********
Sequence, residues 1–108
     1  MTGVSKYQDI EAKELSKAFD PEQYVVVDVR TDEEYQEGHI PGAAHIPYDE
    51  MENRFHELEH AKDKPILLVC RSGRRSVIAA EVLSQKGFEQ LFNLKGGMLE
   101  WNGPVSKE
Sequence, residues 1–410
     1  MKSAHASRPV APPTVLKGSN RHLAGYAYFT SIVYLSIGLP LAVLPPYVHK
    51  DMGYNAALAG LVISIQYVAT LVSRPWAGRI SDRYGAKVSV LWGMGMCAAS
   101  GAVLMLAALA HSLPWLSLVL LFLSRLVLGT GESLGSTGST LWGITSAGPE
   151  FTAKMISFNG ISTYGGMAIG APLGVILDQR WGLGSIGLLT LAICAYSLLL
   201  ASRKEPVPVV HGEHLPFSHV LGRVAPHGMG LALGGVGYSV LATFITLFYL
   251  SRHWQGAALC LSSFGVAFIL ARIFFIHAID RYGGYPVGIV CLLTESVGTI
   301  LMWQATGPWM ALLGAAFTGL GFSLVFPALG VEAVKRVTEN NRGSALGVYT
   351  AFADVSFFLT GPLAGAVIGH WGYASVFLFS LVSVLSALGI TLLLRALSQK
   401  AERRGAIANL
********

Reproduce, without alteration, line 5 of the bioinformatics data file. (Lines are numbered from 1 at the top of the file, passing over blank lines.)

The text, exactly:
Sequence, residues 1–410